The Growfelt-branded products arose from the discovery back in the late 1990s by Anglo Recycling’s owner Simon Macaulay, that the Sussex-based retail supplier of salads, Van Heineken Brothers (now Vitacress), used nonwoven felts on which to grow its cress.
“I drove down to see the company’s production manager, Chris Moncrieff, and discovered they were indeed growing cress on felts, but they were made from virgin materials and he liked the idea of maybe using a blend of virgin fibre offcuts of cotton, wool and polypropylene,” he explains. “That’s how Growfelt was born. For the first six years we supplied exclusively to Vitacress and in return they helped us to bring our factory up to food grade standard and to set in place a testing regime for Salmonella E-Coli coliforms and listeria.”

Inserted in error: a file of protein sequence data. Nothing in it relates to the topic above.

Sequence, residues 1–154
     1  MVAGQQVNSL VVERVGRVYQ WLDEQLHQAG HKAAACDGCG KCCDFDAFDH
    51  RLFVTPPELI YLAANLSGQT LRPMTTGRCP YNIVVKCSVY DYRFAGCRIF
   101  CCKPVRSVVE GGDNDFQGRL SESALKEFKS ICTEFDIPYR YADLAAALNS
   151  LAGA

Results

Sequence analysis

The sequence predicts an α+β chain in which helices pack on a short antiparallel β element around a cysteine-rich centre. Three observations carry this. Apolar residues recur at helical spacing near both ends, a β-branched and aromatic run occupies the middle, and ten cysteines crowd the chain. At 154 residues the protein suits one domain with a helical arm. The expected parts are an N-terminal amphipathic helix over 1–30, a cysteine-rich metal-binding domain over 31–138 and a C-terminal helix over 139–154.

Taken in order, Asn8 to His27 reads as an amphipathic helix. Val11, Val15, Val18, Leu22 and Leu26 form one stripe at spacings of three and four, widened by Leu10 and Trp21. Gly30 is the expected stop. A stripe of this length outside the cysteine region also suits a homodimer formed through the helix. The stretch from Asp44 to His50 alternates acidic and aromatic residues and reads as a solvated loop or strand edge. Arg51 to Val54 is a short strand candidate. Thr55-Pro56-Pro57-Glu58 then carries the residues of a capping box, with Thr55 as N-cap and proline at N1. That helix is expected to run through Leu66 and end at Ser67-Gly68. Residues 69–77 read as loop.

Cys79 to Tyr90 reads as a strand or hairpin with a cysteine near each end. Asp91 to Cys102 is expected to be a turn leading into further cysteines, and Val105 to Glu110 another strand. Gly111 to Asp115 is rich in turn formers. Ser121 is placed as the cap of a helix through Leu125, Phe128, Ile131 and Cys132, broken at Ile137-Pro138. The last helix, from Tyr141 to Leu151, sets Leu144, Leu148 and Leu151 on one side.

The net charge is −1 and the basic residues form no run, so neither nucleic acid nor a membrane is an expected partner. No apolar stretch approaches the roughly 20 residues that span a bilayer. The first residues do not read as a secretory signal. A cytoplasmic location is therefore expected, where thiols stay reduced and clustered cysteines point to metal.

In recent years, however, Anglo Recycling, which is based in Whitworth, near Rochdale in the U.K., has significantly broadened its customer base. It now offers a core of three growing media products to meet the differing needs of customers across Europe, the Middle East and the Far East, whether for retail presentation and appearance or for water holding.
“As we continue to expand our customer base, we are constantly being set new challenges,” says the company’s managing director Andy Hall. “A customer in the Philippines, for example, wanted a mat 10mm thick, since the ambient temperature in that region demands increased water availability for growing herbs. Our customer in the Middle East is meanwhile seeing the demand for fresh salads increasing significantly and is expanding so rapidly orders have grown from 360,000 pads for all of 2017 to this latest order at the start of 2020 for a million.”
“We’re also undertaking trials to find a fully biodegradable product that meets micro and growth challenges but also allows customers to reduce their landfill costs,” adds Simon Macaulay. “It’s not proving easy, but we’re sure we’ll solve it. There’s already a pretty convincing sustainable argument, with our Growfelt pads allowing herbs for salads to be grown and sourced locally, rather than being flown in from the other side of the world.”